In a time where resources are dwindling and are ever more focused on local congregations rather than conference-wide projects, programs, and places, we as camp and retreat leaders must continuously tell the story of our relevance to everyday discipleship and local congregational ministry.
Our local congregations know as well as we do that we as a church, both denominationally and globally, are at a crossroads. Some things have to change, or there won’t be any things left to change.
We have a part to play in that change. Any deep change in any organization, especially one so steeped in tradition – and sometimes dysfunction – as the church; one whose purpose is not only practical but deeply emotional; one that deals with people in the most significant and sincere sense – that deep change requires an intentional process.
One of the most effective ways to guide people through a time of change is referred to as the head-heart-hands approach. I’ve seen this approach work wonders in the area of intergenerational ministry and helping churches move from a siloed approach (separate age level ministries, age-segregated worship, etc.) to an approach that is inclusive of all generations and facilitates interaction between them.
First, people must be convinced that the change is needed through information and cognitive means – the head. Second, they must find meaning and need for the change in the spiritual and emotional realms – the heart. The first two can be accomplished through workshops and personal relationship building, but finally, the turning point comes with the hands.
The “hands” step of this process is where camps and retreat centers have everything to offer. In order for a change to be accepted, it’s imperative that those who are going through that change have a positive experience of what the outcome is intended to be.
Often this experience is not easily created within the regular church setting. Often it’s not welcome because of the power of place – whether a change in venue, worship style, small group ministry, children’s church, or even just the color of the carpet – it’s hard to introduce something new in a place filled with so many traditions, emotions, and – let’s be honest – opinions.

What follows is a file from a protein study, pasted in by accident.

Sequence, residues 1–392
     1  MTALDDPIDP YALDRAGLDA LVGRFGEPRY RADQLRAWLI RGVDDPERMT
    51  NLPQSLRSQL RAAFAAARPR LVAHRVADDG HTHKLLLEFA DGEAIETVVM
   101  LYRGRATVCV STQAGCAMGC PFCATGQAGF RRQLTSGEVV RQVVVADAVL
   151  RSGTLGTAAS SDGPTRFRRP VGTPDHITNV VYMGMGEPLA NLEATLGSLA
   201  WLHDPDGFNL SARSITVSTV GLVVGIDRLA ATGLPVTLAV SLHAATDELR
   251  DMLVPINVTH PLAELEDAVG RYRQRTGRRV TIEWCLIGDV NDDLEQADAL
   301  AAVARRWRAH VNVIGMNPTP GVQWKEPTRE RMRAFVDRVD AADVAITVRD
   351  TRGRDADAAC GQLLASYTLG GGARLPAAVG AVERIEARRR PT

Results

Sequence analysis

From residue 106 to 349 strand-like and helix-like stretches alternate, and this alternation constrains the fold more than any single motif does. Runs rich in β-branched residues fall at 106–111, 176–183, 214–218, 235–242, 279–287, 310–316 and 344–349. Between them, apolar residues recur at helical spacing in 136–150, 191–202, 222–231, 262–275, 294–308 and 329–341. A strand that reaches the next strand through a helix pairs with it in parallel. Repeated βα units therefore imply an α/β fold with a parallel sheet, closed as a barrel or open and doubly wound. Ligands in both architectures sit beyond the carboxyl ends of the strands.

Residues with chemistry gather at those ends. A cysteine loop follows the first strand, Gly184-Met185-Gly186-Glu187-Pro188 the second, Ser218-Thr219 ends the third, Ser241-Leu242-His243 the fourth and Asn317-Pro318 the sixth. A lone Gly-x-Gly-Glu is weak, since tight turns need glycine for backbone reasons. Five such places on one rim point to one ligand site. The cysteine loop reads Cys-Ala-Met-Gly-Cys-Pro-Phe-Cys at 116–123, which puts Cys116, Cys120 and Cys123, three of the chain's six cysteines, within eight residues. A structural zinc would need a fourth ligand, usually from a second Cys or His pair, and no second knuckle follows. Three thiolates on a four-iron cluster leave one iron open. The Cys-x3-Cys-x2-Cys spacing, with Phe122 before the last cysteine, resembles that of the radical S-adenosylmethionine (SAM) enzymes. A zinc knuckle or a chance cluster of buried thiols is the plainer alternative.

When it comes to intergenerational ministry, our center offers family camps and retreats to help with this step of the process. For example, bringing kids back into worship on Sunday morning is fraught with fear and loathing from many congregants of all ages. So why not start the process on neutral ground?
One non-negotiable at Family Camp is worship. Every day, we worship. And worship is for everyone. We have childcare for the youngest kids during some sessions, but never during worship. At camp, we facilitate a worship experience inclusive of all generations, including the youngest, the oldest, and everyone in between.
By providing that experience – that positive experience – of what a church may be working toward in their local setting, we help them open the door for change. After trying it on at camp, our Family Campers are just a little more open to the idea of worshiping together at home. Our “Dad and Me” Weekend fathers are just a little more prepared to pray with their kids. All because they got to experience what it’s about in a non-threatening, neutral but sacred, different camp environment.
Often this process is led by the kids themselves! I’ve had many parents email or call about a resource we used, or a song we sang, because now they are being told they must do it at home!
Although my experience is specific to the intergenerational culture shift in congregations, the same process and concepts can be applied to nearly any change. And our camp and retreat centers have so, so much to offer.
We camp and retreat leaders know the power of getting away – and that’s a power we have to offer. In processing a change, what a gift we have to offer for a church to come away to sacred but neutral ground. We can offer them a place where the opportunity for positive experience is most possible. We can offer them a place where participants are more open to God’s movement, more aware of God’s presence, and less tied down by traditionalism and “we’ve always done it that way.” We can offer them a place where folks can go home with fresh heads, hearts, and hands full of new, exciting experiences.
We have a lot to offer the church, especially in this crucial time of transition and transformation. Let’s help it be an exciting time for churches as they move into their next phases, and into God’s next phase for all of us together.
Rev. Melissa Cooper is an ordained deacon, the Program Coordinator for the Life Enrichment Center and the Director of LECFamily, a ministry that includes intergenerational retreats and camps, resources for families and churches, as well as training and workshops for local churches and leaders. She has a passion for the present and future of the church and loves helping to equip churches to expand and strengthen their ministries. She is married to Will and they have two adorable four-legged children. You can find out more about LECFamily at www.lecfamily.org.